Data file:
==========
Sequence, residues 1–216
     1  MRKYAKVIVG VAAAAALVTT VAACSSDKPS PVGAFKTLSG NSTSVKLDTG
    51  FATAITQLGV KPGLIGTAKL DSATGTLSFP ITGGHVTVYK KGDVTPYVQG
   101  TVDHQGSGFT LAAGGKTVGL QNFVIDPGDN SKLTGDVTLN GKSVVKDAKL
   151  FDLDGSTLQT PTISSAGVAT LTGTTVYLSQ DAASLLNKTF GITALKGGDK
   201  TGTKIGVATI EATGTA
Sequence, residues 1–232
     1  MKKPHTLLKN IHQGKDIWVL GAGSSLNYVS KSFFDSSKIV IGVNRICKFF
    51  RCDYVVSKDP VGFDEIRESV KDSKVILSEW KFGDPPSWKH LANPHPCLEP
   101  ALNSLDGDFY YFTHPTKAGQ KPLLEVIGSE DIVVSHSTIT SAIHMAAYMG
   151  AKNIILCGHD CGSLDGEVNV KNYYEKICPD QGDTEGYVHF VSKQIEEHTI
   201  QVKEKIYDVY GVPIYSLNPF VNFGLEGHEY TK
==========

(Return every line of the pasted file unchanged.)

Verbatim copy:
Sequence, residues 1–216
     1  MRKYAKVIVG VAAAAALVTT VAACSSDKPS PVGAFKTLSG NSTSVKLDTG
    51  FATAITQLGV KPGLIGTAKL DSATGTLSFP ITGGHVTVYK KGDVTPYVQG
   101  TVDHQGSGFT LAAGGKTVGL QNFVIDPGDN SKLTGDVTLN GKSVVKDAKL
   151  FDLDGSTLQT PTISSAGVAT LTGTTVYLSQ DAASLLNKTF GITALKGGDK
   201  TGTKIGVATI EATGTA
Sequence, residues 1–232
     1  MKKPHTLLKN IHQGKDIWVL GAGSSLNYVS KSFFDSSKIV IGVNRICKFF
    51  RCDYVVSKDP VGFDEIRESV KDSKVILSEW KFGDPPSWKH LANPHPCLEP
   101  ALNSLDGDFY YFTHPTKAGQ KPLLEVIGSE DIVVSHSTIT SAIHMAAYMG
   151  AKNIILCGHD CGSLDGEVNV KNYYEKICPD QGDTEGYVHF VSKQIEEHTI
   201  QVKEKIYDVY GVPIYSLNPF VNFGLEGHEY TK